1. Yeah, that Gulf Stream works out pretty well over there! 🙂 I think we all figure our areas out fairly well, it just makes it difficult to have a national conversation about gardening. I think that’s why so few gardening television shows do well here: We’re all dealing with such disparate conditions.

  20. I never liked gardening, or honestly even thought about it until the spring of 2018. I stumbled across gardeners world on britbox and was hooked. Now I can’t garden enough Monty and own over 10 of his books. I thought there must be other gardeners out there and now I follow you and Garden Answers, and a few others. All of you have inspired a middle-aged man who couldn’t identify a dasiy, to take up the trowel and start learning to garden. I currently live in New York and am looking to move to North Carolina this year. When I saw episode 2, gardens of the south, I was quite excited. Who knew such gardens existed, but Monty and his team showed what was possible. Keep up the good work.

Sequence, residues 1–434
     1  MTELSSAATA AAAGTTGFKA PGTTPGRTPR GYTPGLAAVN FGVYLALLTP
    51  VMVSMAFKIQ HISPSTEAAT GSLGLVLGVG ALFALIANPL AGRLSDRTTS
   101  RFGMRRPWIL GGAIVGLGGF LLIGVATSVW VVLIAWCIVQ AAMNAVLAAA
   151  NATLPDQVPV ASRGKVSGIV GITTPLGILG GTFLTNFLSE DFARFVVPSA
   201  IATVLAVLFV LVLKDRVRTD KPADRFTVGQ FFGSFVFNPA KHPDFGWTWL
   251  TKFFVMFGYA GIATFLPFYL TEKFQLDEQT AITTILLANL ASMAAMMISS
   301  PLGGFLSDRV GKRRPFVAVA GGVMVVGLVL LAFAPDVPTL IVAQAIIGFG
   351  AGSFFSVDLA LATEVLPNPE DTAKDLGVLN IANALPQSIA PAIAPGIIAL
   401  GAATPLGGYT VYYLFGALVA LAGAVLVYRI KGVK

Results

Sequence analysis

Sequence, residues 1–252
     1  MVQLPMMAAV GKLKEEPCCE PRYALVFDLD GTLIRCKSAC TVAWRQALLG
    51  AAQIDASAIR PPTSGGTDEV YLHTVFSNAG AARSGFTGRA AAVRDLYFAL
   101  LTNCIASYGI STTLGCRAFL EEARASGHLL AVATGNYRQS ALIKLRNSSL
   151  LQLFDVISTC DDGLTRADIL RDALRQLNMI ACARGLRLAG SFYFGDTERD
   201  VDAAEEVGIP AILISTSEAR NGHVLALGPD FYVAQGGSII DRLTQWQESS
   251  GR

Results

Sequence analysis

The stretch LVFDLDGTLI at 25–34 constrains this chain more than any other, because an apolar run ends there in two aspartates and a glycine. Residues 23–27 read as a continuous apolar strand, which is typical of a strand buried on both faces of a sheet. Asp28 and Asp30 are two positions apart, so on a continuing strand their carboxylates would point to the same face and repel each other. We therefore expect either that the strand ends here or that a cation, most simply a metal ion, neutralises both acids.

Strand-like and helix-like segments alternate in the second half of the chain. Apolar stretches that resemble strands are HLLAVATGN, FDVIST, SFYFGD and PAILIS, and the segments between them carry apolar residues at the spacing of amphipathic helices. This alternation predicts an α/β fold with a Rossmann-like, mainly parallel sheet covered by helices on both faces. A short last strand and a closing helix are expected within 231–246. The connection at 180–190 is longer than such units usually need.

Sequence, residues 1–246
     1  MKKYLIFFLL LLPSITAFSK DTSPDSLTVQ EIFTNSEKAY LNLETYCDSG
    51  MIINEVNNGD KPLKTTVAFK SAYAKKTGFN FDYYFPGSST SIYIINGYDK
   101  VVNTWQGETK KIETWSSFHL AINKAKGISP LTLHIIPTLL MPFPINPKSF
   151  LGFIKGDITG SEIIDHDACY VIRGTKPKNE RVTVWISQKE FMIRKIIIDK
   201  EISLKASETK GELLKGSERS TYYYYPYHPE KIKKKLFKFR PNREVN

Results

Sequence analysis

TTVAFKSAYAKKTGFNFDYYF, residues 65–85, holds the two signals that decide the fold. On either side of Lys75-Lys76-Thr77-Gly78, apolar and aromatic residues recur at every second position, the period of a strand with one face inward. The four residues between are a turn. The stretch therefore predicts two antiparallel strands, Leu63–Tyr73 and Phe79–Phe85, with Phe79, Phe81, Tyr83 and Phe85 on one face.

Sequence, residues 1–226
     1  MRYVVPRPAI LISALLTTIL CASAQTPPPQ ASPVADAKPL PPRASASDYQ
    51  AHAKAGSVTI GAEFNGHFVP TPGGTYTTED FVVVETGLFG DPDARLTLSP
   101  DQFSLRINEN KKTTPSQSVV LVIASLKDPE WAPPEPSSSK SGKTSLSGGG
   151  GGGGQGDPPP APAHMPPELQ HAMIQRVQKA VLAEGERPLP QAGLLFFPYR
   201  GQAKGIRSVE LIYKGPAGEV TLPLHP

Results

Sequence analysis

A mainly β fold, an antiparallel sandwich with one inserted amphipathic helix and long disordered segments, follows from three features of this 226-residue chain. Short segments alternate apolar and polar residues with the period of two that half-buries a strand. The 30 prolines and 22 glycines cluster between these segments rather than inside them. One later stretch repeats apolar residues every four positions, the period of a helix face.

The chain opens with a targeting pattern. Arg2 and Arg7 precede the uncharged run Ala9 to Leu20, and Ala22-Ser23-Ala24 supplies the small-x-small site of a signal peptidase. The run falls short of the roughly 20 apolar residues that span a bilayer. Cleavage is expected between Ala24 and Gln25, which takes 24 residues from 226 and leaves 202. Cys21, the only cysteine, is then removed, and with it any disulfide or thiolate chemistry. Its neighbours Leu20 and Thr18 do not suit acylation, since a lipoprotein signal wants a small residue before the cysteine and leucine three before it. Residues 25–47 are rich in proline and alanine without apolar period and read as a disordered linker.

1. I discovered Monty Don on Netflix and then ended up becoming a subscriber to Britbox so I could watch Shetland. Lo and behold, there was two seasons of his Gardners World and I’ve been watching every day for a month. I cried when I saw how overwhelmed he was with beholding our glorious 1000 year old Redwood in California. As a former Midwesterner whose lived my entire life in high desert of Idaho, I only wish Monty had ventured to the Rocky Mountains of Colorado, Idaho and Montana to see how we garden here. He truly missed out on the best landscapes of America and would have better understood that if you spend your time in the mountains, you only need a vegetable garden and cold frame to eat as we’re surrounded by the natural landscape garden that so many try to mimic. Thanks for sharing the “sketchy” like. I watched all three episodes of his visit to America during an inch rainfall today, one months worth for Boise. All the best.